The Visible and the Invisible

By Lauren Lee, M.Ln.

10679235_mOne of the absolute pleasures of my job is the “requirement” that I visit libraries (and librarians) each and every month. This year so far, I have been to 29 libraries in nine states. Attending four conferences added two more states to my running total, while vacation added both a state and a library (yes, I even visit libraries when I’m on vacation). And if our only blizzard of the year hadn’t intervened, I could have added one more state and two more libraries! What a privilege it is to see so much of what our profession has to offer!

Highlights have included:

  • Collections that made me say “I’d love to be a patron of this library”
  • Nonfiction collections that looked vibrant and alive
  • Creative displays to encourage passersby to pick up books on impulse
  • Colorful children’s rooms with incredibly creative artwork (and children engaged in play and reading)
  • Maker spaces with recording studios and the now-requisite 3D printers
  • Music rooms with instruments and listening spaces
  • Incredible architectural details in buildings both new and old (and best of all, buildings that blend the two together)

Anyone who thinks public libraries are dying has not been to a public library lately. If they had, they would have seen people waiting for the doors to open, children crowded in for story-time, and ranges of shelving for books on hold for avid readers. They certainly haven’t heard the statistics for digital media downloads or the constant replacement of test preparation materials.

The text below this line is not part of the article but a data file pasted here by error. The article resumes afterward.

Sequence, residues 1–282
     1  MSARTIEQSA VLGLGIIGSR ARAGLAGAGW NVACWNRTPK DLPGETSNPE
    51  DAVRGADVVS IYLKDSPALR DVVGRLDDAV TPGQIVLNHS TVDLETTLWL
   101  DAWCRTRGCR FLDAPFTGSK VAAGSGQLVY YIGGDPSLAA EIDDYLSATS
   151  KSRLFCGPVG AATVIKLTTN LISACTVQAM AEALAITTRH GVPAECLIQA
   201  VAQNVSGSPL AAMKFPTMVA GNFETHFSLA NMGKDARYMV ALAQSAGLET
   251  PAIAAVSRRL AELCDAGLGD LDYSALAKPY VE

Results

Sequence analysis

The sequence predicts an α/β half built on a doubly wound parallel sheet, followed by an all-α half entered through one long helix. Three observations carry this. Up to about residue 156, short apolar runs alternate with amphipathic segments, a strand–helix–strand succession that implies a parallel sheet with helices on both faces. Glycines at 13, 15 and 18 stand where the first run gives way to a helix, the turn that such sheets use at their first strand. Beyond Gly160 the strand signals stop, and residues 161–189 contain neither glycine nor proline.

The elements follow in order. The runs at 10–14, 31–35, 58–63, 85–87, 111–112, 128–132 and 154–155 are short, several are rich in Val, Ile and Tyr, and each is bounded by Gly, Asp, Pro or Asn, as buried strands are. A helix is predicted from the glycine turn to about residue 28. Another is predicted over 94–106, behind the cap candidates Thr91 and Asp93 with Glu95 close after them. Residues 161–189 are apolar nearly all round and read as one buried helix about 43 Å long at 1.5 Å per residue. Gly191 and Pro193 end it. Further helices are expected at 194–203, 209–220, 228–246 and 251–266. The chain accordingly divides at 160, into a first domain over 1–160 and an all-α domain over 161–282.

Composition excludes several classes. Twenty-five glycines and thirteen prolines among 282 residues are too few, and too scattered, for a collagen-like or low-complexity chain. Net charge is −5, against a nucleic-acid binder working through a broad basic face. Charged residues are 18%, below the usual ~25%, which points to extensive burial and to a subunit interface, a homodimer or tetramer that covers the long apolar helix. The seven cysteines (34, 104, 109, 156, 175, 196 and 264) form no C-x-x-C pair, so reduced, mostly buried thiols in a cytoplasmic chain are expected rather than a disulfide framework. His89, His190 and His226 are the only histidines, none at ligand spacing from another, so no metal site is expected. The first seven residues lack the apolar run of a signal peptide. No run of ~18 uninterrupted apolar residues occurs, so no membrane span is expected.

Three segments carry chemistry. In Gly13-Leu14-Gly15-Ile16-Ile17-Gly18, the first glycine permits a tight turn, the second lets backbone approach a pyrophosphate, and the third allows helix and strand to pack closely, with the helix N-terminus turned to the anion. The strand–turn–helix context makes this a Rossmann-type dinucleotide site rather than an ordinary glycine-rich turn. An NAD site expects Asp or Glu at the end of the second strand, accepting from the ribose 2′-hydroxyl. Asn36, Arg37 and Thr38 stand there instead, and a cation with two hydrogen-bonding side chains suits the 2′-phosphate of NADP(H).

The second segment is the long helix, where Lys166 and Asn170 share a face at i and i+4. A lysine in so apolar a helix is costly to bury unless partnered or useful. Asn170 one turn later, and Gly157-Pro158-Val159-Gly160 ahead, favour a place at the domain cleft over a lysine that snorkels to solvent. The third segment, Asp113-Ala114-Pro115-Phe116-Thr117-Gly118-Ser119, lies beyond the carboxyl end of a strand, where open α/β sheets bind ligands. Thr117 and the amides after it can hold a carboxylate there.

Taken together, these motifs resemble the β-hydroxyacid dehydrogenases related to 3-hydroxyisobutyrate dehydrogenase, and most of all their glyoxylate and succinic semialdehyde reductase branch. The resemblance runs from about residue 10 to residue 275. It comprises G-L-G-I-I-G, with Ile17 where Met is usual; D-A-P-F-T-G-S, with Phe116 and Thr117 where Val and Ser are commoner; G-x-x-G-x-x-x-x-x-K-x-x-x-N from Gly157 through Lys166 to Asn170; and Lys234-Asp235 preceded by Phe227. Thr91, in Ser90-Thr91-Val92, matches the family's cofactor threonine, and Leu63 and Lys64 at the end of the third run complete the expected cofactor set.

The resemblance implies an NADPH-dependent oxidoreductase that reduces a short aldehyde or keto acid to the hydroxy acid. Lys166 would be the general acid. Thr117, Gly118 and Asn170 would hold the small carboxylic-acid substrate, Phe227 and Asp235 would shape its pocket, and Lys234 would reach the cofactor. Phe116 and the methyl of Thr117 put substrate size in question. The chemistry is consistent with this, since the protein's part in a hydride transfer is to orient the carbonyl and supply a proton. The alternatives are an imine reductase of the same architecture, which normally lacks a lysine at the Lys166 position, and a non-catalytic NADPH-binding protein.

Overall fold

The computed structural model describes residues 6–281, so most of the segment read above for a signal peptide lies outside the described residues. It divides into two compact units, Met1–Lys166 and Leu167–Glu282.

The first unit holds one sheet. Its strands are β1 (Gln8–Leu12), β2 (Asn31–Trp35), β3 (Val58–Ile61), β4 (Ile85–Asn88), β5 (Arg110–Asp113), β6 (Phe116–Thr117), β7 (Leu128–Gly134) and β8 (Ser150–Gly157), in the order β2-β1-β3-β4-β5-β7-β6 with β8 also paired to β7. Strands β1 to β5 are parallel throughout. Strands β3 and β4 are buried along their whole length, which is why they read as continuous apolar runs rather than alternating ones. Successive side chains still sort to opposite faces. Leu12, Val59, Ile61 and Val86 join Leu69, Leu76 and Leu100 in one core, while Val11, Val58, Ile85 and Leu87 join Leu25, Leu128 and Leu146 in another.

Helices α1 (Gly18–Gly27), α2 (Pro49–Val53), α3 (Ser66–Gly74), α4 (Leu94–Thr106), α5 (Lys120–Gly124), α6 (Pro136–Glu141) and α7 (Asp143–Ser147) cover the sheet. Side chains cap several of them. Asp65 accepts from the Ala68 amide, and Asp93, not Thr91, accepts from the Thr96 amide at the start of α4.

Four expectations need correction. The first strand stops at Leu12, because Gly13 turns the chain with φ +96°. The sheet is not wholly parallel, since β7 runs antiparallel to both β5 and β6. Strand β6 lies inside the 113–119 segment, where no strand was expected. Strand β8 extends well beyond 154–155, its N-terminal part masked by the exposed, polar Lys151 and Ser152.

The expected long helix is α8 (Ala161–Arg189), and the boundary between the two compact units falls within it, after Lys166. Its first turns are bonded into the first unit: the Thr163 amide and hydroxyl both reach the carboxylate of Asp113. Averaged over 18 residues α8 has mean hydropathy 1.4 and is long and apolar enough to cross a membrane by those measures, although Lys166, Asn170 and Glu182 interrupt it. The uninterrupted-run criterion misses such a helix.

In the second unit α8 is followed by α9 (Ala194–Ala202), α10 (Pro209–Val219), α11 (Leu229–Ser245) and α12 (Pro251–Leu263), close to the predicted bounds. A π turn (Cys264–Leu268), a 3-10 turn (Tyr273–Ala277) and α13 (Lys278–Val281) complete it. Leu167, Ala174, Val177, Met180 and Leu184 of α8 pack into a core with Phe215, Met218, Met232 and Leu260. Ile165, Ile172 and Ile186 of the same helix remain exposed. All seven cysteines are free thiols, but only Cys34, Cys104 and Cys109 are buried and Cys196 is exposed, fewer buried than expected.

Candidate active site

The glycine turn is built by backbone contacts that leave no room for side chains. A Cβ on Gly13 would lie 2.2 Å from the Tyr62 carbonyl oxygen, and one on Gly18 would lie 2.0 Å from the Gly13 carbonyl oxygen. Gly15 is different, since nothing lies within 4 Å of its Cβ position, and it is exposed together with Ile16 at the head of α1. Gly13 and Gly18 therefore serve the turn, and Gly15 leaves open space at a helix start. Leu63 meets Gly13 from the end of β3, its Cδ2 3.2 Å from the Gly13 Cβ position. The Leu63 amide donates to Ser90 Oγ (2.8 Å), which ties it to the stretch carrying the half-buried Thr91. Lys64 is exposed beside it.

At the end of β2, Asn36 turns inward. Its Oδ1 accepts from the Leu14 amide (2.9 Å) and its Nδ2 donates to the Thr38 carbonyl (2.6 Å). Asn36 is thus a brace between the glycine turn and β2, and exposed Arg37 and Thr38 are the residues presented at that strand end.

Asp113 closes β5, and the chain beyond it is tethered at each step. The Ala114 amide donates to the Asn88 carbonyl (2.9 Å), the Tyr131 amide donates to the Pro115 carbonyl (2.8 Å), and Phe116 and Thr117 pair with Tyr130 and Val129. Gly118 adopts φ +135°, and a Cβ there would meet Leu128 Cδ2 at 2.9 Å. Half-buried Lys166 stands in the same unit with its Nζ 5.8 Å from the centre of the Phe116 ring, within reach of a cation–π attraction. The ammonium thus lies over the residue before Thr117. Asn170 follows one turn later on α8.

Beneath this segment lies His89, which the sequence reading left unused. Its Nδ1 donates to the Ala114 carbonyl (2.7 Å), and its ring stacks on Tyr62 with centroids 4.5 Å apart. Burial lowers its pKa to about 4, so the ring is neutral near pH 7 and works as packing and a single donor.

Many of my visits take me to “lower levels” or separate buildings, where technical services departments lie hidden away. The general public has no idea of the labor that goes on here behind the scenes. They don’t see the pallets of boxes or the “corrals” of book trucks (sometimes even cleverly named!). They don’t understand the intricacies of OCLC records or RFID encoding. They may even think that all those colored dots and labels are just for fun (while vendors ponder whether they are a unique form of torture).

44906029_mSo, let’s send up a cheer for invisible technical services workers everywhere! You order, you unpack, you catalog, you process, you de-process, you organize, you pay bills. You make it possible for materials to be found by their readers/viewers/listeners. You may be changing lives and you don’t even know it. Thank you for your hard, and sometimes tedious, work!

I will close with a reference question that arises from my constant perusal of spine labels: Why do some libraries use “X” as the call number prefix for juvenile (I’m talking about you, California)? The most common prefix is “J” for juvenile. I’ve seen some C’s for children’s titles. However, no one has been able to explain to me why “X” was chosen. If any of you can shed light on this technical services mystery, I will be forever grateful. And maybe I’ll come visit your library. After all, there are still a few states that I haven’t visited.

 

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Lauren

Lauren Lee is approaching her 40th year as a librarian, with more than half of that spent at Brodart. Although she rarely gets to select now, she loves life on the road, visiting as many public libraries as possible. Click here for more.